New Zealand on Tuesday passed extensive legislation aimed at preventing minors from becoming smokers, including a lifetime prohibition on cigarette sales to everyone born after 2008.
Under the new laws, which take effect next year, the country’s smoking age of 18 would be raised year by year until it applied to the whole population. Beginning in 2023, those under 15 would be barred from buying cigarettes for the rest of their lives.
The legislation is the result of more than a decade of public health campaigns. In 2011, New Zealand first announced its plans to reduce smoking levels to below 5 percent of the population by 2025, a target extending across all ethnic groups, including Indigenous Maori and Pacific Island citizens. Over the years, the price of cigarettes has been hiked to among the highest in the world, with a pack of cigarettes costing about $20.
With these measures, smoking has declined overall. The national smoking rate for adults has halved in the past decade. Only 8 percent of New Zealand’s adult population smoked every day in 2022, according to government statistics.
“This legislation accelerates progress towards a smoke-free future,” the country’s associate health minister, Ayesha Verrall, said in a statement on Tuesday. “Thousands of people will live longer, healthier lives.”
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By the end of next year, 90 percent of the country’s 6,000 tobacco retailers will have lost their licenses. Nicotine levels in tobacco and vaping products must be significantly reduced under the new laws, rendering them less addictive. Violators of the new rules could be fined up to 150,000 New Zealand dollars, or roughly $96,000.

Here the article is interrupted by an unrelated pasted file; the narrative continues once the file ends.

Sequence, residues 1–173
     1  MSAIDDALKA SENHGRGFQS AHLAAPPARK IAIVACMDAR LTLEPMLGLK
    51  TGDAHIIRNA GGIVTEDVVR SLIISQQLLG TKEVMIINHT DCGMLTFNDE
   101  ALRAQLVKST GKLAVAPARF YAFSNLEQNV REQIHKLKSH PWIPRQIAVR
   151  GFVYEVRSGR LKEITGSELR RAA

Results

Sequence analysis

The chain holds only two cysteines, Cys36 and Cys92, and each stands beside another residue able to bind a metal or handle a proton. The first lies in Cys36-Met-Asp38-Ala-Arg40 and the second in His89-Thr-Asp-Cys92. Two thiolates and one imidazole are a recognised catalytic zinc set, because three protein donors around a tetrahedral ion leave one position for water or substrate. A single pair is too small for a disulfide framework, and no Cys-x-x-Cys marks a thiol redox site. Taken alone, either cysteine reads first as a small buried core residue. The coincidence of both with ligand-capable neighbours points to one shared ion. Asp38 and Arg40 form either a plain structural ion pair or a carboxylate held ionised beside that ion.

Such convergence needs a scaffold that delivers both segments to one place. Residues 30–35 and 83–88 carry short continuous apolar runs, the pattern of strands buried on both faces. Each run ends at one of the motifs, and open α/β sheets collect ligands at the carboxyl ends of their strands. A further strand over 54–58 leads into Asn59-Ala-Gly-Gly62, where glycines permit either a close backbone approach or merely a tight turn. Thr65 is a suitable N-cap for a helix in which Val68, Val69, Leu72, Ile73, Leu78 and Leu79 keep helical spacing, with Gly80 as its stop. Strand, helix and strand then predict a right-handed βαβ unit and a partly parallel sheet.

Antismoking advocates have emphasized the need to engage Maori and Pacific Island communities, who were first introduced to tobacco after European settlers in the late 1700s used the addictive substance to trade goods. About a quarter of Maori adults smoked every day, beginning at age 14, according to government statistics. They also suffered at higher rates from diseases related to smoking, compared with other ethnic groups.
Catherine Manning, a manager at the Takiri Mai te Ata Regional Stop Smoking Service, said that Indigenous communities should be engaged and supported in programs that can help them quit.
“It is our whānau, hapū and iwi who’ve disproportionately shouldered the burden of this destructive substance,” she said in a statement released by Health Coalition Aotearoa, using the Maori words for extended family, clan and nation.
Communities need adequate resources to help people quit, the statement continued.
The new laws had critics among far-right lawmakers, who argued that the ban would fuel a black market and impact the livelihood of convenience-store owners who sell cigarettes.
“This will drive up the trade of black-market tobacco with high nicotine, driving those addicted to cigarettes to turn to crime to feed their habit,” Brooke van Velden, deputy leader of the ACT Party, wrote in a statement on Tuesday. “The gangs will be rubbing their hands with glee.”
The government had earlier acknowledged that, despite the public health benefits, the new legislation could contribute to increased smuggling by organized-crime groups. Experts said that imports to the country could be more carefully scrutinized as a solution.
New Zealand is not the first country introducing laws aimed at dramatically reducing smoking. In 2004, Ireland first banned indoor smoking in pubs and workplaces and on public transport, prompting dozens of countries — including Brazil, Norway and Uganda — to introduce similar laws. Bhutan banned cigarette sales altogether in 2005 but reversed the restriction in 2020, when officials worried that traffickers would fuel outbreaks of the coronavirus.